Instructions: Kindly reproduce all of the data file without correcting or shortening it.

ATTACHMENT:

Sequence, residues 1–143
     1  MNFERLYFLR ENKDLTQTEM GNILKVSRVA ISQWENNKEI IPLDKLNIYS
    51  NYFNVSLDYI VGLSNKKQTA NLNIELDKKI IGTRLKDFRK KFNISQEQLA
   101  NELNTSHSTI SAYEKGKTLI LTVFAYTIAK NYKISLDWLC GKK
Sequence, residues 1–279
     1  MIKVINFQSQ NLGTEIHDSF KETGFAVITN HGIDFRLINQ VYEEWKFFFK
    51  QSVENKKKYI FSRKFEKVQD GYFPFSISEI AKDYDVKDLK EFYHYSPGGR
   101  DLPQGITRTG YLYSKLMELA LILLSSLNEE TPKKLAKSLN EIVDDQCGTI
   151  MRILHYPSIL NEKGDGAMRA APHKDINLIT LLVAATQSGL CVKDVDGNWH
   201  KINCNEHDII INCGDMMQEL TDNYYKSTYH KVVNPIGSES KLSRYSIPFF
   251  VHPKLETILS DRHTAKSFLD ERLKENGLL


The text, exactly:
Sequence, residues 1–143
     1  MNFERLYFLR ENKDLTQTEM GNILKVSRVA ISQWENNKEI IPLDKLNIYS
    51  NYFNVSLDYI VGLSNKKQTA NLNIELDKKI IGTRLKDFRK KFNISQEQLA
   101  NELNTSHSTI SAYEKGKTLI LTVFAYTIAK NYKISLDWLC GKK
Sequence, residues 1–279
     1  MIKVINFQSQ NLGTEIHDSF KETGFAVITN HGIDFRLINQ VYEEWKFFFK
    51  QSVENKKKYI FSRKFEKVQD GYFPFSISEI AKDYDVKDLK EFYHYSPGGR
   101  DLPQGITRTG YLYSKLMELA LILLSSLNEE TPKKLAKSLN EIVDDQCGTI
   151  MRILHYPSIL NEKGDGAMRA APHKDINLIT LLVAATQSGL CVKDVDGNWH
   201  KINCNEHDII INCGDMMQEL TDNYYKSTYH KVVNPIGSES KLSRYSIPFF
   251  VHPKLETILS DRHTAKSFLD ERLKENGLL